From: Michael Sappol
Date: Tue, 13 Mar 2007 10:51:38 -0400
This may be stating the obvious but I want to offer an abstract, but I hope useful, response to the virtual symposium as a whole. Oron Catts's post about the unfriendly reception of his poster at an international tissue engineering conference raises the issue of the ambivalent relationship between artists and scientists, and their work. Without invoking the now-tired "two cultures" argument, it seems evident to me from many of the posts in this symposium that there are structural, and more than structural, similarities between artists and scientists: both make artifacts that are connected to truth claims; both do their work in sequestered spaces (the laboratory, the classroom, the studio, the gallery, the journal); both derive authority and legitimacy, cultural privilege, from claims to be connected to progressive lineages of accomplishment, with chronologies of "landmarks" and "breakthroughs"; both have a canon of performance based on the notion of "genius"; both increasingly use a specialized technical vocabulary that excludes the larger public; both have knowledge communities that assess, comment on, and validate their claims (and both share a knowledge community, the group of people who do sociological/cultural theory/critique of art and science). And both have transformative effects on a wider public, on society and culture, on everyday life, on the embodied self.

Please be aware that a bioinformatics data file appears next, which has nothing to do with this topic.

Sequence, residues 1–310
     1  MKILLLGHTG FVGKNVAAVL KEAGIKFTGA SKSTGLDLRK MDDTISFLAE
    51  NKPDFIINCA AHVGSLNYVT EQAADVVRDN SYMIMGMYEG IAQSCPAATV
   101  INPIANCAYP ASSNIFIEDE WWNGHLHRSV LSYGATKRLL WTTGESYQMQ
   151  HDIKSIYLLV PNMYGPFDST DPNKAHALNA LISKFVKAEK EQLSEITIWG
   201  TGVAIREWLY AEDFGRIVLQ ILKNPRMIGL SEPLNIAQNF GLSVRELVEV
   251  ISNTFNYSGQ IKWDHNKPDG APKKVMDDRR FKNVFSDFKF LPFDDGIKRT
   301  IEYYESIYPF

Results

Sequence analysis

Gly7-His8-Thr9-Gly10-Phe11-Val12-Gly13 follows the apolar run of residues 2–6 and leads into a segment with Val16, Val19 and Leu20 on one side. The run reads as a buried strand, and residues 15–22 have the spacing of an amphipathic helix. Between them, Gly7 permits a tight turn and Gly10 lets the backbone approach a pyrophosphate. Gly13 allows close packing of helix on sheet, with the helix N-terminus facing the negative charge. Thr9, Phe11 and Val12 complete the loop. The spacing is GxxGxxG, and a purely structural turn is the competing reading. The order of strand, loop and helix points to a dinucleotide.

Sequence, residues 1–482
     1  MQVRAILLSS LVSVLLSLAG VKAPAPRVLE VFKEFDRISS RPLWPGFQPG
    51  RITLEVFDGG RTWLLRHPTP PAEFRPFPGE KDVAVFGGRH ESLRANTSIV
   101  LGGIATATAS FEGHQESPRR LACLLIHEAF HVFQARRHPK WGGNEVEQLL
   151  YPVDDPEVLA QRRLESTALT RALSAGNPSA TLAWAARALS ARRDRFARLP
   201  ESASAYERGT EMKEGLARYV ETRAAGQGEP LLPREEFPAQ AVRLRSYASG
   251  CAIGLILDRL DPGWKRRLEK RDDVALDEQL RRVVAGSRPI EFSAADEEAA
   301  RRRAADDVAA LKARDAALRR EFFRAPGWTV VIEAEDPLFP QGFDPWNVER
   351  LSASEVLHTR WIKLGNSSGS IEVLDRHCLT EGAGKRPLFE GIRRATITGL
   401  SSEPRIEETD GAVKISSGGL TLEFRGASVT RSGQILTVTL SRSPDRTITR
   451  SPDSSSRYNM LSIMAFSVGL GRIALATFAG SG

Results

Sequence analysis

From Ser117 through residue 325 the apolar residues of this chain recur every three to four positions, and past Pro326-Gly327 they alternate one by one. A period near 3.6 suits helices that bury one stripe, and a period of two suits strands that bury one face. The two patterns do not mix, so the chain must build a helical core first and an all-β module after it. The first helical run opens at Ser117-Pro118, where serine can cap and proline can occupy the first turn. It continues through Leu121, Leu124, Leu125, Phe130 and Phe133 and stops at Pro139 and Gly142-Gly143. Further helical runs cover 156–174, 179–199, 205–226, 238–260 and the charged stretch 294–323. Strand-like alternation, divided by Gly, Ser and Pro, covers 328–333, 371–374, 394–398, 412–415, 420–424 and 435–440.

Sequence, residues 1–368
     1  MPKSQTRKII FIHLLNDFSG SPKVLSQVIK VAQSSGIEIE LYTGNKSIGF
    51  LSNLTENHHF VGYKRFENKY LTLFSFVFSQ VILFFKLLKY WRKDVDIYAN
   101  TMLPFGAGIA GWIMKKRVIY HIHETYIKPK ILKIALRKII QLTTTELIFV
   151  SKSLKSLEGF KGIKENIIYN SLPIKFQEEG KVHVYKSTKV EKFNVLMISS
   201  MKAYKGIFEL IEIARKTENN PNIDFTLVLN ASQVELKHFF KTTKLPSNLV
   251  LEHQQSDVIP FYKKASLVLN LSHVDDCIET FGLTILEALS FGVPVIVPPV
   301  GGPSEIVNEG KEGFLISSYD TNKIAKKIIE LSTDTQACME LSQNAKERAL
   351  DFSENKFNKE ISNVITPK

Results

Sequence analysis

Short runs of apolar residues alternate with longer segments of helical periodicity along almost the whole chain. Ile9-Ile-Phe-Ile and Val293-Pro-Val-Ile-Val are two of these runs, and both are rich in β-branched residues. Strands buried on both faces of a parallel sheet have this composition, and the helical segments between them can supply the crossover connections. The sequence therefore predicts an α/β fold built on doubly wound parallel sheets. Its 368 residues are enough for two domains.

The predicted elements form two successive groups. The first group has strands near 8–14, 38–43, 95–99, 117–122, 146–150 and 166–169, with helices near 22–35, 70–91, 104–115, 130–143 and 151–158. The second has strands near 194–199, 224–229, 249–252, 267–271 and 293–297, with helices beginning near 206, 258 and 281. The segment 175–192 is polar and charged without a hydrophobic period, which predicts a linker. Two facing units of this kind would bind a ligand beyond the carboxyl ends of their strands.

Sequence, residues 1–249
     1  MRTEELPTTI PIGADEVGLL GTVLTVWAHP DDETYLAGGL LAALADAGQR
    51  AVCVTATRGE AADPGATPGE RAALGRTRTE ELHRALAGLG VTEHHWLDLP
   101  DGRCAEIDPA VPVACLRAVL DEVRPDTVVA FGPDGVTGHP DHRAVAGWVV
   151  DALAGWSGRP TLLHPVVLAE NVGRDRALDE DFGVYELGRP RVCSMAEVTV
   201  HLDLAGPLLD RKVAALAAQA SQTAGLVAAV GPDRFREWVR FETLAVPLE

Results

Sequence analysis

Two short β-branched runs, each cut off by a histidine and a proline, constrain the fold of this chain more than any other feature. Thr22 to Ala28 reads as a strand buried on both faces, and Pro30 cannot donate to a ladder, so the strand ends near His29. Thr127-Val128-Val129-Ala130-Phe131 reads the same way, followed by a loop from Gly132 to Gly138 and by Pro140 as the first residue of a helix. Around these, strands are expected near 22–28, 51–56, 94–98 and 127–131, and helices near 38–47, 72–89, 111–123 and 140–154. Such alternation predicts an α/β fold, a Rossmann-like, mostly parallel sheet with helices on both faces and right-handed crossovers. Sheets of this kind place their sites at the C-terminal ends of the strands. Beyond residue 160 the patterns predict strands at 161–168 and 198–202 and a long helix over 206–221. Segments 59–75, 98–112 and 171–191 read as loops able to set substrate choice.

Although some of the posts in this symposium have stressed the ways in which artists and scientists collude, and have colluded over the centuries, it seems to me that there is a competition for authority, an abiding tension. Today, the cultural prestige of science is very high, hegemonic; for a long time science has trumped art. Artists have responded in part by adopting the language of "experimentalism" and the "laboratory", first in music, then in conceptual and visual art; by working in new technologies (video, digital imaging, tissue engineering, recombinant DNA); by taking up residence in the institutions of science; by adopting at least in part the specialized technical vocabulary of science; by making "epistemic objects" that mimic or parody or "destabilize" the objects of science; and by taking on an oracular, prophetic role that offers a critique of science, especially biotechnology. In other words, artists have responded by making themselves into scientists and philosophers of science. Who make far-reaching truth claims about science and technology: about the way science works; about the power relations that are built into science's "epistemic objects"; about the mystification, reification, and/or naturalization effects of scientific productions; about science's embedded ideologies and aesthetics; about its cognitive, and much more than cognitive, effects on us and the world around us.
History of Medicine Division
National Library of Medicine
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